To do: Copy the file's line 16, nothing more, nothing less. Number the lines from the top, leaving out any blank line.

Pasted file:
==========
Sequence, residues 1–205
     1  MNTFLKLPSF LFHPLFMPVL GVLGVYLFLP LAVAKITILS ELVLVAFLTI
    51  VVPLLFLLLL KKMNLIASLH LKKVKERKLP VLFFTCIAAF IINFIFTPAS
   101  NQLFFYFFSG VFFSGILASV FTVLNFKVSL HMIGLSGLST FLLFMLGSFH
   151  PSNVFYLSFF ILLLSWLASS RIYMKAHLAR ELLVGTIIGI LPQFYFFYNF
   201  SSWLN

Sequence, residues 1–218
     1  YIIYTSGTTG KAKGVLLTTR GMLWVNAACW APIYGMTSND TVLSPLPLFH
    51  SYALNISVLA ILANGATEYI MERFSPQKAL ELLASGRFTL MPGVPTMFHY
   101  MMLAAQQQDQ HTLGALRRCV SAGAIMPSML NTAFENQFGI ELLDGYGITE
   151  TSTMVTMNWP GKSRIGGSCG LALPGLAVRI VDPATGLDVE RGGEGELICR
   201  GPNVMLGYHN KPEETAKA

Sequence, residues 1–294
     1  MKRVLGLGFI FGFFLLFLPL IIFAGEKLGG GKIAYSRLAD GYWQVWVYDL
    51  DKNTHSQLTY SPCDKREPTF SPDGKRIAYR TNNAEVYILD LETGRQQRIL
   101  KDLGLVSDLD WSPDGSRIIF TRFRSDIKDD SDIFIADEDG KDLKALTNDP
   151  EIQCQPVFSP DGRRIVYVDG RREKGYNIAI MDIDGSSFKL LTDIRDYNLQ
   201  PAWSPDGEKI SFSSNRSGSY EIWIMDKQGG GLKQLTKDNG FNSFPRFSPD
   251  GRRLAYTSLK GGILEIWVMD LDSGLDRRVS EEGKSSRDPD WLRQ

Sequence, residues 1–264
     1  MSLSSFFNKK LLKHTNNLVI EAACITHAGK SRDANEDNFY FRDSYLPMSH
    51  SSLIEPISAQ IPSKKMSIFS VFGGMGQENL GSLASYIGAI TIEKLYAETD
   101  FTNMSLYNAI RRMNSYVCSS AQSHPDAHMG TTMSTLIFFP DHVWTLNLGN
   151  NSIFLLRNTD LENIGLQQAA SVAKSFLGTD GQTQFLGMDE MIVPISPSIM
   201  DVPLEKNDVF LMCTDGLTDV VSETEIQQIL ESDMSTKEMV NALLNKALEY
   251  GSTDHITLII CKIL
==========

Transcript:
   101  KDLGLVSDLD WSPDGSRIIF TRFRSDIKDD SDIFIADEDG KDLKALTNDP